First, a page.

35 minutes | Jul 10, 2021
107 - Merit Making
In this episode, we look at creating merit by intentionally engaging in activities that are good karma. Merit, or good karma, propels our spiritual practice forward. Thus accumulating merit is a central activity of a bodhisattva, one striving for enlightenment for the benefit of all beings, as well as those who believe in the law of karma. Ten merit-making activities Giving (dāna ) Observing the moral precepts (sīla ) Meditation (bhāvanā ) Showing respect to one's superiors (apacāyana ) Attending to their needs (veyyāvacca ) Transferring merit (pattidāna ) Rejoicing at the merit of others (pattānumodana ) Listening to the Dharma, that is, the Buddha's teachings (dhammasavana ) Preaching the Dharma (dhammadesanā ) Having right beliefs (diṭṭhijjukamma ) Guru Padmasambhava said, “My realization is higher than the sky. But my observance of karma is finer than grains of flour.” One is not a mendicant Just because one begs from others. Nor does one become a mendicant By taking on domestic ways. But whoever sets aside Both merit and evil, Lives the chaste life, And goes through the world deliberately Is called “a mendicant.” (266–267)* Not by silence Does an ignorant fool become a sage. The wise person, who, As if holding a set of scales, Selects what’s good and avoids what’s evil Is, for that reason, a sage. Whoever can weigh these two sides of the world Is, for that reason, called “a sage.” (268–269)* —Buddha, The Dhammapada References Buddha.The Dhammapada. Translated by Gil Fronsdale. (Kindle). Shambala, Boston and London, 2011, pp. 69-70 (Link)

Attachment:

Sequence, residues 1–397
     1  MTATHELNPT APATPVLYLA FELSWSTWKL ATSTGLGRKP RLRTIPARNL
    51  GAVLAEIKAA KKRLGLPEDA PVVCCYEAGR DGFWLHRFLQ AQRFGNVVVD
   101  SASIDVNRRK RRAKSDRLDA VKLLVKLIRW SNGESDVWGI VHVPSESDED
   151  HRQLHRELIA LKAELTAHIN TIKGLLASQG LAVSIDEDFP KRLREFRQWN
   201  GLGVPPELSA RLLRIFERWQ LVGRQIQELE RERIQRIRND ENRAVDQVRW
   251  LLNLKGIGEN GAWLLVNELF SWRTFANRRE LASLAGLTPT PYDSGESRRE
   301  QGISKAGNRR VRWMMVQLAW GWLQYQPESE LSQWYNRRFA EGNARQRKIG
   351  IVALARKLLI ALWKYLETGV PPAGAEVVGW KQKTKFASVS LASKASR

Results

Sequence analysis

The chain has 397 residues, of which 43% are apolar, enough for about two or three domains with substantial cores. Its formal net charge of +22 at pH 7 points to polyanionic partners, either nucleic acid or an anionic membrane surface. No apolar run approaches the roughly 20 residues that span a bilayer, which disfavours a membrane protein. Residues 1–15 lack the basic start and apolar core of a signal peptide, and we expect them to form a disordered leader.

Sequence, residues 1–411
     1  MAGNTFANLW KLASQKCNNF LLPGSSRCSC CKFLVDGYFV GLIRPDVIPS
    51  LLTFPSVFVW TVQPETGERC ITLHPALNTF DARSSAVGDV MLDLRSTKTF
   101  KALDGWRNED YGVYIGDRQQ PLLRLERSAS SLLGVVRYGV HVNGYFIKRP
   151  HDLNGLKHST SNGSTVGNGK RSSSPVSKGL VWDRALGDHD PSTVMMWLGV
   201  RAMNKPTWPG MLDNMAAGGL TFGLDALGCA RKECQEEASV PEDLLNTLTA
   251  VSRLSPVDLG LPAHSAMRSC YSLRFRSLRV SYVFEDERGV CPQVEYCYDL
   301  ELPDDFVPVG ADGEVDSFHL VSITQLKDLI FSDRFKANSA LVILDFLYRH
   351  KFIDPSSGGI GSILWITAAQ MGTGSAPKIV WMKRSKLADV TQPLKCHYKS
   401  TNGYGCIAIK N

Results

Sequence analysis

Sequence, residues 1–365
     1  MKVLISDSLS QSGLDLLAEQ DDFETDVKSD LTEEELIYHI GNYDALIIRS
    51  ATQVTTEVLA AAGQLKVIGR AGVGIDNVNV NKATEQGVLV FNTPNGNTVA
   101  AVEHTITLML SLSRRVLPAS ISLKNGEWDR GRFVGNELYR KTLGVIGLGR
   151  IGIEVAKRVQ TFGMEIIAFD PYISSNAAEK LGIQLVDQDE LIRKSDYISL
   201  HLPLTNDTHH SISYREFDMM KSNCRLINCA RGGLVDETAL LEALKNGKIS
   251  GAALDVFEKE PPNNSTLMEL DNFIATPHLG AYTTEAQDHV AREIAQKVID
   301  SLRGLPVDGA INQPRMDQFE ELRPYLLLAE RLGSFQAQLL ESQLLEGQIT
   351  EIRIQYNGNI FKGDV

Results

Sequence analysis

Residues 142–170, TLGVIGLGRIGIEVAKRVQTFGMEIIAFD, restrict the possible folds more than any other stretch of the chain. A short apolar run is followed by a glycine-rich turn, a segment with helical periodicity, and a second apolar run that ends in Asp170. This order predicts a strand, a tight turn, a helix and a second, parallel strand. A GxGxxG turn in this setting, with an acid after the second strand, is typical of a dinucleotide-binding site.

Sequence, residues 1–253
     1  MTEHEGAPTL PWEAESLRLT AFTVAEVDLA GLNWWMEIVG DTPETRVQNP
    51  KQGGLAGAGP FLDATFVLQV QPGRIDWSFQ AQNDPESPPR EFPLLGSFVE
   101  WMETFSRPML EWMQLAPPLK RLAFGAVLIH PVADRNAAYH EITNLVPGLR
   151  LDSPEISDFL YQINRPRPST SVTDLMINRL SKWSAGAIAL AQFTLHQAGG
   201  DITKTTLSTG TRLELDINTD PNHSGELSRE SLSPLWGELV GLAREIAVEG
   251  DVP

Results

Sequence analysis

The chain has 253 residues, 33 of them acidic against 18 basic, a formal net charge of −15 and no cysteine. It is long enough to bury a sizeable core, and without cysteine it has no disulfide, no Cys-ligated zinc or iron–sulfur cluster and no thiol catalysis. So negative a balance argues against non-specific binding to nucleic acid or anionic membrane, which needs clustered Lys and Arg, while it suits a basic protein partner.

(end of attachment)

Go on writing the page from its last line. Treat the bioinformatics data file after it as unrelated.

34 minutes | Jul 5, 2021
Episode 106 - Creating Happiness and Peace
“Renunciation is not the same as giving up pleasure or denying ourselves happiness. It means giving up our unreal expectations about ordinary pleasures. These expectations themselves are what turn pleasure into pain.” —Lama Yeshe Is it is real cause of happiness? Does it cause unwanted side effects? Every time we turn to it for pleasure does it make us happy? Does it bring peace Does it set us up for disappointment or pain? If you answer yes to 1 and 4 or no to 2 and 3, it can’t be a real cause of happiness. Not by means of shaven head Does someone dishonest and undisciplined Become a renunciant. How could someone filled with longing and greed Be a renunciant? Someone who has pacified evil, Small and great, In every way, Is, for that reason, called a renunciant. (Verse 264-265) —Buddha, The Dhammapada References Buddha.The Dhammapada. Translated by Gil Fronsdale. (Kindle). Shambala, Boston and London, 2011, pp. 69. (Link) Yeshe, Thupten. Introduction to Tantra. (Kindle). Wisdom Publications, Somerville, 2014. (Link)
25 minutes | Jun 28, 2021
Episode 105: Using Mindfulness To Build Character